# Proof by mathematical induction

1. Feb 17, 2008

### rock.freak667

[SOLVED] Proof by mathematical induction

1. The problem statement, all variables and given/known data
Prove by mathematical induction that for all +ve integers n,$10^{3n}+13^{n+1}$ is divisible by 7.

2. Relevant equations

3. The attempt at a solution

Assume true for n=N.
$$10^{3N}+13^{N+1}=7A$$

Multiply both sides by ($10^3+13$)

$$(10^{3N}+13^{N+1})(10^3+13)=7A(10^3+13)$$

$$10^{3N+3}+ 10^3(13^{N+1})+13(10^{3N})+13^{N+2}=7A(1013)$$

$$10^{3N+3}+13^{N+2}=7A(1013)-10^3(13^{N+1})-13(10^{3N})$$

Here is where I am stuck. I need to show that $10^3(13^{N+1})-13(10^{3N})$ is divisible by 7 now.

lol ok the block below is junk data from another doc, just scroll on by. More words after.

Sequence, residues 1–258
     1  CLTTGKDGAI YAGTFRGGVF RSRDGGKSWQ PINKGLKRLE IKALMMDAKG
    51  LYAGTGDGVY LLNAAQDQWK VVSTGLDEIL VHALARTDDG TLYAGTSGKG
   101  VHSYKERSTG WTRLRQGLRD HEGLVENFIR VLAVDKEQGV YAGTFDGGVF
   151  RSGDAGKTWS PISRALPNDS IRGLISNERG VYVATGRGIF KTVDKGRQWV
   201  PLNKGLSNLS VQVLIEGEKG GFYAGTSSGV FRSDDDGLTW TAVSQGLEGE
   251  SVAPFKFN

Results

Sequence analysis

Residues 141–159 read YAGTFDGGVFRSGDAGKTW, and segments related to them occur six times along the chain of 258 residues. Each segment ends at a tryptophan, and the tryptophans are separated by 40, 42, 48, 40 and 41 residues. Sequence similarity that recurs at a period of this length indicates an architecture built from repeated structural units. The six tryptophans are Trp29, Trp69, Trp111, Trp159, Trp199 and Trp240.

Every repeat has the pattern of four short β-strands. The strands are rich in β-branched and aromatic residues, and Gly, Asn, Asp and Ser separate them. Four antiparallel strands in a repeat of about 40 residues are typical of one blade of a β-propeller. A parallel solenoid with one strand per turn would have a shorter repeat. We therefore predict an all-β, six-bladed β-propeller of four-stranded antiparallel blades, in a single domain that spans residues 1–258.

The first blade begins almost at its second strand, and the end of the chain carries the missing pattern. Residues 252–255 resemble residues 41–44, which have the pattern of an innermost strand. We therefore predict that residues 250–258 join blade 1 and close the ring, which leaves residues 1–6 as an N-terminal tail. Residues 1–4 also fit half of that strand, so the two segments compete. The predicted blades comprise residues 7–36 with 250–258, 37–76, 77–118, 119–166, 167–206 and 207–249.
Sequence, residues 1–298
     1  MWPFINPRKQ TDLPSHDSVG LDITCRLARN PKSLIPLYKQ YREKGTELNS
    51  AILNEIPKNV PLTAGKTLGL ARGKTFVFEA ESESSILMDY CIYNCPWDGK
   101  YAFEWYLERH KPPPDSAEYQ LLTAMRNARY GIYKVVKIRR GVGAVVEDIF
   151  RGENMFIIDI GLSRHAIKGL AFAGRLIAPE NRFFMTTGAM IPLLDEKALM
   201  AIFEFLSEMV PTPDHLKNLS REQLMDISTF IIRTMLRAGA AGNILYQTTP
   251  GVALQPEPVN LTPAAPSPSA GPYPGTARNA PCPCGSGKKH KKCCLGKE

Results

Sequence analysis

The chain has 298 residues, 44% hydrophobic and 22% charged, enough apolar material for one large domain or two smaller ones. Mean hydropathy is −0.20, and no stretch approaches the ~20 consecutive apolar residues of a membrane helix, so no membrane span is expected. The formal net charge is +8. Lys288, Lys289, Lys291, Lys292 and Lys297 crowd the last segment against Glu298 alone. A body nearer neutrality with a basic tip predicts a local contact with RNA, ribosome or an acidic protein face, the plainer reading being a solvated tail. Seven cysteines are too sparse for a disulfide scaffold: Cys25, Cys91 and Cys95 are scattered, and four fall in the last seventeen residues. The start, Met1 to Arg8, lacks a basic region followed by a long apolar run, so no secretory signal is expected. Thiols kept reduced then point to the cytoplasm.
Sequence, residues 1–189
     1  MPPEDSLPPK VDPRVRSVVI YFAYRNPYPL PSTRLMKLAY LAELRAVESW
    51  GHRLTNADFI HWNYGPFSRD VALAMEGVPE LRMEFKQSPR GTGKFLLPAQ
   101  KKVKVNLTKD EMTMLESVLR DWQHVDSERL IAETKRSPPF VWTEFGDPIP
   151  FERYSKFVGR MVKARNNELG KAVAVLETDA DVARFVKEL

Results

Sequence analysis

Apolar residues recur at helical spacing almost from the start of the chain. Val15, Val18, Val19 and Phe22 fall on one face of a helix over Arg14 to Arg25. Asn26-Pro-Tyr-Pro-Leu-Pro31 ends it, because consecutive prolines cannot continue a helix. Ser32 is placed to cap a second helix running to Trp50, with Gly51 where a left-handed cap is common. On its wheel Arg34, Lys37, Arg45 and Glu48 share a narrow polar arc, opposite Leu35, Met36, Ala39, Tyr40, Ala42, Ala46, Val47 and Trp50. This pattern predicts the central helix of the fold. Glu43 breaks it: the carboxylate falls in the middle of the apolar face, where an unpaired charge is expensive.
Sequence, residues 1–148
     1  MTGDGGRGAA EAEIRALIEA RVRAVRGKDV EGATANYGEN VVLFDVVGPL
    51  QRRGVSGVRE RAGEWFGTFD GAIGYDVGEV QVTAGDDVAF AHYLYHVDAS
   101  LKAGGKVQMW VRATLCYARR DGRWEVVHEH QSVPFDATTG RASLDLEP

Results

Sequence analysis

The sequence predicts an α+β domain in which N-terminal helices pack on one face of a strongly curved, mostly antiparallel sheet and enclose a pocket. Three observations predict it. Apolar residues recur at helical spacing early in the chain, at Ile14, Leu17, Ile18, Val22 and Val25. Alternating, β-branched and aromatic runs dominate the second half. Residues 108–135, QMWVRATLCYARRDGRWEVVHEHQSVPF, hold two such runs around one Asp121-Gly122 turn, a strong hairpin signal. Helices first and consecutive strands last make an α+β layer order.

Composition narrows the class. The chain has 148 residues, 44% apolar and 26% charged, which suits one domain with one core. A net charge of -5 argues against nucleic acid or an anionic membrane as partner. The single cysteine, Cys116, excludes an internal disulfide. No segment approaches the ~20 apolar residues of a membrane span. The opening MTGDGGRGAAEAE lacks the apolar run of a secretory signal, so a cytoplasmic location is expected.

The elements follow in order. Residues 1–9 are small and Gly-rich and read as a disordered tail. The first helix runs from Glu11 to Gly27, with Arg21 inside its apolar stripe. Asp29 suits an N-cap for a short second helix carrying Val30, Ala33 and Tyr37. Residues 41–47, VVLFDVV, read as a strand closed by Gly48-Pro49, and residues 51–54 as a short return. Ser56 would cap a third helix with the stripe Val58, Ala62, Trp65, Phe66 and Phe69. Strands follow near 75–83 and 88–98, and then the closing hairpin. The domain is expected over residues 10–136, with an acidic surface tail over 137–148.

What I would like to get is that $10^3(13^{N+1})-13(10^{3N})$ can somehow be manipulated into the initial inductive hypothesis and then it will become true for n=N+1. So I need some help.

2. Feb 17, 2008

### scottie_000

the standard trick here is to write the 10^3 and the 13 in terms of multiples of 7, plus or minus 1

3. Feb 17, 2008

### rock.freak667

Uhm...I can write 13 as 2(7)-1 and 10^3 as 143(7)+1 but I don't see how that helps.

4. Feb 17, 2008

### scottie_000

well then if you expand things out you should see what happens to the equation

5. Feb 17, 2008

### rock.freak667

ah..thank you scottie_000

I see it now, was so simple.So when I have to prove that some expression is divisible by a number,k, always try to rewrite any unwanted constants in terms of k?

6. Feb 17, 2008

### scottie_000

like i said, it's the best trick to look for
glad to help by the way!

Know someone interested in this topic? Share this thread via Reddit, Google+, Twitter, or Facebook

Have something to add?